advertising offends the Lanham Act, the courts that have addressed
the issue have, for the most part, found no mark use and, therefore, no
Lanham Act violation. The second circuit handed down the most
recent and most important of these opinions in 1-800 CONTACTS v.
WhenU (“1-800 CONTACTS II”).125 The district court found the
requisite mark use because (1) the advertiser generated ads while an
Internet user viewed the complainant’s website, and (2) the software
code triggered the ads with the complainant’s website’s URL, which
contained the complainant’s protectable mark (“1-800 CONTACTS
I”).126 The district court noted that the mark owner invested in
websites, drawing Internet users to them with its goodwill and
reputation, but was financially harmed due to ads generated by an
unauthorized advertiser while users viewed the website.127 At

   122. See id.
   123. Id.
   124. See Gator’s Brief Against Hertz, supra note 10, at 2-3; Complaint for Declaratory
Relief ¶ 7, Gator Corp. v. PriceGrabber.com, Inc., No. 3:02-CV-05834 (N.D. Cal. May 2, 2003).
   125. 1-800 CONTACTS II, Nos. 04-0026-cv(L) & 04-0026-cv(CON), 2005 U.S. App.
LEXIS 12711 (2d Cir. June 27, 2005). 1-800 CONTACTS II and two other cases, Wells Fargo
& Co. v. WhenU.com, Inc., 293 F. Supp. 2d 734 (E.D. Mich. 2003) and U-Haul Int’l, Inc. v.
WhenU.com, Inc., 279 F. Supp. 2d 723 (E.D. Va. 2003), involved Lanham Act claims against
WhenU, another internet advertising service. Though there are technical differences between
the two services, Gator and WhenU operate identically for the purposes of this article: WhenU
installs a software program onto users’ computers; the WhenU programs generate ads while the
user browses the Internet; and the WhenU complainants allege that their websites’ URLs trigger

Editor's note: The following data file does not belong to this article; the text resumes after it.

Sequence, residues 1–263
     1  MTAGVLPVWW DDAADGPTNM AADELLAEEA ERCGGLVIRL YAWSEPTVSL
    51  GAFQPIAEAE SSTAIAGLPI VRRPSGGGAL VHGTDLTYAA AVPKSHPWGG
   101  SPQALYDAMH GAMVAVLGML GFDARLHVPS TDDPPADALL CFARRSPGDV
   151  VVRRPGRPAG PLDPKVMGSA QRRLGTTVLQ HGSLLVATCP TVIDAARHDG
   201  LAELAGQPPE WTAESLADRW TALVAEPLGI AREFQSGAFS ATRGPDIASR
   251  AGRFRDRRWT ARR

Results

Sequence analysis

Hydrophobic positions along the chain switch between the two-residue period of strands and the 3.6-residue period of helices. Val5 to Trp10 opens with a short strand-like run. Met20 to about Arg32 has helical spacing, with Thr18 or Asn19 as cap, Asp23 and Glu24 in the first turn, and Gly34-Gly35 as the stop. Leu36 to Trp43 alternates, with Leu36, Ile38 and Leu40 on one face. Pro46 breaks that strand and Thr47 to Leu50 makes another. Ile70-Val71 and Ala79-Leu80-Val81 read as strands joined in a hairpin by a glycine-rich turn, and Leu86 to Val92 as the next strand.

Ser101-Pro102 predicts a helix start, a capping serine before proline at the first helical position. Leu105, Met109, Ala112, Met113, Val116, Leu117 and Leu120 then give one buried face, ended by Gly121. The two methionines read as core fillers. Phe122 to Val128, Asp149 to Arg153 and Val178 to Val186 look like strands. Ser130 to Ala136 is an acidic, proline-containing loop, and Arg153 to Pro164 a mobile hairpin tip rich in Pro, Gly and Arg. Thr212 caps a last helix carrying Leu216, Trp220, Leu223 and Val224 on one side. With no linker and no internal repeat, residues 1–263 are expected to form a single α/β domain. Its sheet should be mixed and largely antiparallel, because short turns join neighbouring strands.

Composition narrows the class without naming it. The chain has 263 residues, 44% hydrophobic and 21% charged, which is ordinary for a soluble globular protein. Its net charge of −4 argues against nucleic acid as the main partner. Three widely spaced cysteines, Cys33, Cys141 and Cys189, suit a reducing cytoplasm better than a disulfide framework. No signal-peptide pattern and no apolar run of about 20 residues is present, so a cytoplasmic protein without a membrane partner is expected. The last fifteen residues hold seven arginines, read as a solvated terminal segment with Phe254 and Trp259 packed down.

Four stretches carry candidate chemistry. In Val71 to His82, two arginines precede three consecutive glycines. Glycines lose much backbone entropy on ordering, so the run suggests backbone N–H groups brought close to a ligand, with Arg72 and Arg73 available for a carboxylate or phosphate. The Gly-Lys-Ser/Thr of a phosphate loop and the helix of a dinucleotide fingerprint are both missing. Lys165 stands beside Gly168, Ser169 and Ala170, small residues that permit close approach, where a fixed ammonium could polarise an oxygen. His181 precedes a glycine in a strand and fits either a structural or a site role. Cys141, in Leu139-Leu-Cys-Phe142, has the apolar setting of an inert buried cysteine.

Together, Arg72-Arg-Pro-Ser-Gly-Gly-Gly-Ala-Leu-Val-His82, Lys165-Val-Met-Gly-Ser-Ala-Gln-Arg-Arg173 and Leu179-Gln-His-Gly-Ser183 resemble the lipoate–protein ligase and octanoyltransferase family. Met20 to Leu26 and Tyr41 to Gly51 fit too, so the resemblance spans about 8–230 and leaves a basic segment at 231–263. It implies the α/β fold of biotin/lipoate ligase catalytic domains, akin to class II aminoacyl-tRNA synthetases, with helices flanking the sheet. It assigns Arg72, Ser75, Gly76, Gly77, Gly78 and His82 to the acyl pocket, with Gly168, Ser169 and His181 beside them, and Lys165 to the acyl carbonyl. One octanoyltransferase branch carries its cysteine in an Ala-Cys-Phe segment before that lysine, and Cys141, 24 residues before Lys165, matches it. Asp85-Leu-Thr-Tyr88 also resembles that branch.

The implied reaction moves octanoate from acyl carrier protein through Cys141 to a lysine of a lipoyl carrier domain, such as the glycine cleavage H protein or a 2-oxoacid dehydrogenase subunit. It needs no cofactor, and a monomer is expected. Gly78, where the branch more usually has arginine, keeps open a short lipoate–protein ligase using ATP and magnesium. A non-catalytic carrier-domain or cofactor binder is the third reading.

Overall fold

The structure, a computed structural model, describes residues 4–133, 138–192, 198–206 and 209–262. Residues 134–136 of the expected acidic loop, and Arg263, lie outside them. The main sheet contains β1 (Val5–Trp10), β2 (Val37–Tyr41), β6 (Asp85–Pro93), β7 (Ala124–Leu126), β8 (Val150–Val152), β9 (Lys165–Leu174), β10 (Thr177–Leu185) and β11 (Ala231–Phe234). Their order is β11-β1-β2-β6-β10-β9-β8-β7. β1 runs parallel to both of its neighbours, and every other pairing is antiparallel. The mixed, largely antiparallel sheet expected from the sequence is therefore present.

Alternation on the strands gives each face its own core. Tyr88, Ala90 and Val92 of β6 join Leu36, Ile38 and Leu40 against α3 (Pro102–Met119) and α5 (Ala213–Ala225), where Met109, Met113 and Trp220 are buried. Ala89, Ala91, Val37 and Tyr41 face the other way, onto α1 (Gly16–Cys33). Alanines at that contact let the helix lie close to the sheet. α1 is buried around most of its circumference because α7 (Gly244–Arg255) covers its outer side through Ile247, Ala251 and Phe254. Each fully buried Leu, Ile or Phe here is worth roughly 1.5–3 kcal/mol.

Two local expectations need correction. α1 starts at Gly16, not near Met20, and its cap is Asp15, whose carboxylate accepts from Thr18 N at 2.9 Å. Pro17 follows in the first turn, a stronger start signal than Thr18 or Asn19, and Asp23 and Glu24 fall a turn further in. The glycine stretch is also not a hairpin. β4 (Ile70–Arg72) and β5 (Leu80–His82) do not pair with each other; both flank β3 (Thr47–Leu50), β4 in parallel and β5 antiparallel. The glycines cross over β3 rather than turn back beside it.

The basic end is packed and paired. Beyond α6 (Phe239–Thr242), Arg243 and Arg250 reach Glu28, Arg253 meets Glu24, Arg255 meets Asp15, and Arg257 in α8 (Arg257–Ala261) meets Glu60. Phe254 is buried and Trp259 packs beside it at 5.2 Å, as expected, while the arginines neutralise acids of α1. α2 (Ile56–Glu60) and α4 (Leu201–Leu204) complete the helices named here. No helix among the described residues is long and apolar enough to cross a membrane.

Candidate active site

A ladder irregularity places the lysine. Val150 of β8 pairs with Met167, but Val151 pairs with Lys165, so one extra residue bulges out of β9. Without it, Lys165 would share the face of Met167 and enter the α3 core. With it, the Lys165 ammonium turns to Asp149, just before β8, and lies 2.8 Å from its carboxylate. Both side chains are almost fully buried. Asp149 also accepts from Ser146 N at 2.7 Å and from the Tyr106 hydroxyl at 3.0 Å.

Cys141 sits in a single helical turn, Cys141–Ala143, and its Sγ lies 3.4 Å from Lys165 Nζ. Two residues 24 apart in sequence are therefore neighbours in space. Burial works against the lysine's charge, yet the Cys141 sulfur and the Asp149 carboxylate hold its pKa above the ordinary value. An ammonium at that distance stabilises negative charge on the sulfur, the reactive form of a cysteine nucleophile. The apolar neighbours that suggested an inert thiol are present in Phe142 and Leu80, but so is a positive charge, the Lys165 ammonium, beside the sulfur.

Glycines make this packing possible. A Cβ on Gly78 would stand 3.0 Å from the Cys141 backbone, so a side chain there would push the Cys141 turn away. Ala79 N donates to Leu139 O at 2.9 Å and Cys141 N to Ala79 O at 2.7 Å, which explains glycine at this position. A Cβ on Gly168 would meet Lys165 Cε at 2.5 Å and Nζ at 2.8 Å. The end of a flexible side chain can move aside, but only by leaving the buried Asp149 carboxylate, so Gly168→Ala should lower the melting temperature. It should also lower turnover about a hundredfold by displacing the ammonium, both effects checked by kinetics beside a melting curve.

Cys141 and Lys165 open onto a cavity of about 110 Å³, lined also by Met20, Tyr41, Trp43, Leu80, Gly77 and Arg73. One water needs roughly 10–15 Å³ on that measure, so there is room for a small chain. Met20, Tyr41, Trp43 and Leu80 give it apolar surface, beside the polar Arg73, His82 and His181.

the WhenU ads. U-Haul, 279 F. Supp. 2d at 725-26. Consequently, opinions that consider the
WhenU service are fully applicable to assessing the Gator service. For a discussion of WhenU’s
business and technology, see Melinda M. Kline, Missing the Mark: The Trademark Battle Over
Software-Based Contextually Targeted Advertising on the Internet, 54 CASE W. RES. L. REV.
917, 922-26 (2004).
   126. See 1-800 CONTACTS, Inc. v. WhenU.com, Inc. (1-800 CONTACTS I), 309 F. Supp.
2d 467, 489 (S.D.N.Y. 2003) (granting preliminary injunction), rev’d, 2005 U.S. App. LEXIS
12711.
   127. See id.
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bottom, this court found that this advertising traded on the owner’s
goodwill and reputation.128
      The second circuit reversed, putting an end to the lone useful
precedent finding mark use.129 It found no “use” through ads
generated.130 The appellate court reasoned that the following factors
meant there was no “use”: (1) the mark did not appear in the ad; (2)
the ad did not affect the website or the window it appeared in; (3) and
the URL would trigger the ads regardless if the URL contained a
mark, while ads would appear had the user clicked on a link to the
website rather than by typing the URL into the address bar.131
      The second circuit apparently believed that including the mark
owner’s URL in the software code was not “use” of a mark, but non-
trademark use of the mark.132 It reasoned that the software code was
hidden and therefore could not possibly cause “visual confusion” with
the mark and that a user could not input the mark into the code to
trigger an advertisement.133 The court also found no “use” because
the URL’s inclusion in the directory was “precisely because it is a
website address, rather than because it bears any resemblance to [the